Sri Lanka’s former five-time prime minister, Ranil Wickremesinghe, has been re-elected for the sixth time in an effort to bring stability to his country amid a political and economic crisis that has engulfed the island nation.
Wickremesinghe, 73, was sworn in by President Gotabaya Rajapaksa in a ceremony at the president’s office on Thursday.
“A cabinet is likely to be appointed tomorrow,” Sudewa Hettiarachchi, a spokesman for President Rajapaksa, told AFP.
The president’s brother, Mahinda Rajakapsa, resigned as prime minister on Monday following outrage over violent attacks by his supporters on peaceful protesters who demanded the government resign.
His resignation automatically dissolved the Cabinet, leaving an administrative vacuum.
The president’s selection of Wickremesinghe is seen as an attempt to end the violence sparked by the economic crisis and restore international credibility as the government negotiates a rescue package with the International Monetary Fund.
“This is a historic event,” Tamil lawmaker Dharmalingam Sithadthan said in reference to Wickremesinghe’s latest return to the main office.
“This shows the desperate situation in our country.”
Vajira Abeywardena, an official from the United National Party (UNP) that Wickremesinghe heads, said on Thursday that members of parliament had asked Wickremesinghe to “take control and solve the country’s problems.”
Abeywardena said more than 160 lawmakers in the 225-member parliament supported Wickremesinghe’s selection, but this could not be independently verified.
In a televised address to the nation on Wednesday night, Rajapaksa stopped short of giving in to weeks of nationwide protests calling for his resignation as president over the country’s worst economic downturn since independence.
But in a bid to win over the opposition, which is demanding he step down before accepting any new government, the 72-year-old has vowed to give up most of his executive powers and set up a new cabinet this week.
Mahinda Rajapaksa, the president’s older brother, resigned as prime minister on Monday after his supporters attacked anti-government supporters who had been protesting peacefully for weeks.
A Sri Lankan court on Thursday barred the former prime minister, his son Namal Rajapaksa and 15 allies from leaving the island over Monday’s violence.
Who is Ranil Wickremesinghe?
Wickremesinghe is seen as a pro-Western free-market reformer, which could facilitate bailout negotiations with the IMF and others.
Wickremesinghe had already been working closely with Rajapaksa to shake up the finance ministry and central bank and make sweeping changes to fiscal and monetary policy, the source said.
Sagala Ratnayaka, a national organizer for the UNP, told Al Jazeera that the parliamentarian agreed to be prime minister when “no one [else] I was taking this challenge.”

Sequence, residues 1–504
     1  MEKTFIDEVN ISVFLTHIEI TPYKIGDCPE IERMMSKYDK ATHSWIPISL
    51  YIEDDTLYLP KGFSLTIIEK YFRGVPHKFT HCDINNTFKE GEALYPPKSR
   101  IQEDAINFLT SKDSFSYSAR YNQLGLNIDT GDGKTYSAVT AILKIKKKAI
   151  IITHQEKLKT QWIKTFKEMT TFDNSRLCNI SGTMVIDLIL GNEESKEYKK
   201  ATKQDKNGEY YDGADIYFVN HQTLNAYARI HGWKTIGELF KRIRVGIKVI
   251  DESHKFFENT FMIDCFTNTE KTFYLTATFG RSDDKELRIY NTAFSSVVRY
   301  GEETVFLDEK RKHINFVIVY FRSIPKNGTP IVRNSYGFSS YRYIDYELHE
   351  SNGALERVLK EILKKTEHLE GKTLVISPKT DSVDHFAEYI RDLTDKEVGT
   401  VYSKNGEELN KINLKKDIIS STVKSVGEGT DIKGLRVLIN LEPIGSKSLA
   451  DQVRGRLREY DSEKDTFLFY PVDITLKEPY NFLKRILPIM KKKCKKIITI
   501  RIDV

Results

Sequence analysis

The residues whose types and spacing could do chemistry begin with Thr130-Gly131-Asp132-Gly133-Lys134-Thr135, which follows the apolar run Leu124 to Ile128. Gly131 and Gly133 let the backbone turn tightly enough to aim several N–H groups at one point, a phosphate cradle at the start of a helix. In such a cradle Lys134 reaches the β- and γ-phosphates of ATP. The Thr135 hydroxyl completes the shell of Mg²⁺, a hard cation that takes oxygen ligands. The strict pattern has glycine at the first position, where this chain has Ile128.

“It’s a terrible time to be prime minister in Sri Lanka,” he said. “This will be the most difficult race for him.”
Sri Lankans have suffered for months from severe food, fuel and medicine shortages and lengthy power cuts after the government, short of foreign currency to pay its debts, halted many imports.
The crisis resulted in violent protests and chaos that killed at least nine people and injured more than 200.
Security forces patrolling in armored personnel carriers with orders to shoot on sight of anyone involved in looting or violence have largely restored order.
The curfew was lifted on Thursday morning but only re-imposed after a six-hour break that allowed Sri Lanka’s 22 million people to stock up on essentials.
Ratnayaka said Wickremesinghe “has a plan” to address the island’s unprecedented economic crisis. “He will set the plan in the next 1-2 days for the people.”
Political analyst Aruna Kulatunga told Al Jazeera that Wickremesinghe “will first try to stabilize the political landscape in Sri Lanka by bringing all political parties together to immediately introduce a new constitutional amendment.”
“This will restrict the extensive powers that President Gotabaya Rajapaksa enjoys,” he said, adding that Wickremesinghe would then embark on immediate negotiations with the IMF and World Bank.
“It will also start bilateral negotiations with traditional Sri Lankan donor countries such as Japan, Germany, India and China.”
Sri Lanka’s central bank chief warned Wednesday that the economy will “collapse beyond redemption” unless a new government is urgently appointed.
The central bank nearly doubled key interest rates and announced a $51 billion default on Sri Lanka’s foreign debt as part of the policy change, officials said.
However, Bhavani Fonseka of the Center for Policy Alternatives think tank believes Wickremesinghe’s appointment as prime minister will not stop the weeks-long protests.
“This appointment does not take away what the protesters want. The most important call of the protesters is the resignation of Gotabaya Rajapaksa,” he told Al Jazeera.
“But at the same time, we have to look at our other problems. We don’t have a prime minister and a cabinet. Therefore, there was a political vacuum. We need political and economic stability in our country. This is essential.”
Aanya Wipulasena contributed to this report from Colombo, Sri Lanka